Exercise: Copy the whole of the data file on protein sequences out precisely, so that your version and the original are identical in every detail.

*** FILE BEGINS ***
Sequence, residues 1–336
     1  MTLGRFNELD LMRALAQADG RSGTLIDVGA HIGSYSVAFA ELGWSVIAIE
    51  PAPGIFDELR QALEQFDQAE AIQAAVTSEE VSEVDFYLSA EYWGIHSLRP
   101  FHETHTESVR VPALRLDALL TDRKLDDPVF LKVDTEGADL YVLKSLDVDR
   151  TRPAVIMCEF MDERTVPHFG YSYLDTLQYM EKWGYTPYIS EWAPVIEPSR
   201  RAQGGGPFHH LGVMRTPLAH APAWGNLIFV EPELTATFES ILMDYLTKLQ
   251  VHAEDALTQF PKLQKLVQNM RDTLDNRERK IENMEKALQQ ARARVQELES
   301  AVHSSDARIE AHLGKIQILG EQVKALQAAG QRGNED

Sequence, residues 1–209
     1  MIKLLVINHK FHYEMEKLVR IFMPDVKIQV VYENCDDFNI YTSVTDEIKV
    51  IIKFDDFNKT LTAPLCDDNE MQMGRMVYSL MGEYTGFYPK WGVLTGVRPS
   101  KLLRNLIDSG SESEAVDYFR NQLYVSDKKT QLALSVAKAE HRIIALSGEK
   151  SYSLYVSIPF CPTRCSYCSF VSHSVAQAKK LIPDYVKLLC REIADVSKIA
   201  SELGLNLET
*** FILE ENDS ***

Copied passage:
Sequence, residues 1–336
     1  MTLGRFNELD LMRALAQADG RSGTLIDVGA HIGSYSVAFA ELGWSVIAIE
    51  PAPGIFDELR QALEQFDQAE AIQAAVTSEE VSEVDFYLSA EYWGIHSLRP
   101  FHETHTESVR VPALRLDALL TDRKLDDPVF LKVDTEGADL YVLKSLDVDR
   151  TRPAVIMCEF MDERTVPHFG YSYLDTLQYM EKWGYTPYIS EWAPVIEPSR
   201  RAQGGGPFHH LGVMRTPLAH APAWGNLIFV EPELTATFES ILMDYLTKLQ
   251  VHAEDALTQF PKLQKLVQNM RDTLDNRERK IENMEKALQQ ARARVQELES
   301  AVHSSDARIE AHLGKIQILG EQVKALQAAG QRGNED

Sequence, residues 1–209
     1  MIKLLVINHK FHYEMEKLVR IFMPDVKIQV VYENCDDFNI YTSVTDEIKV
    51  IIKFDDFNKT LTAPLCDDNE MQMGRMVYSL MGEYTGFYPK WGVLTGVRPS
   101  KLLRNLIDSG SESEAVDYFR NQLYVSDKKT QLALSVAKAE HRIIALSGEK
   151  SYSLYVSIPF CPTRCSYCSF VSHSVAQAKK LIPDYVKLLC REIADVSKIA
   201  SELGLNLET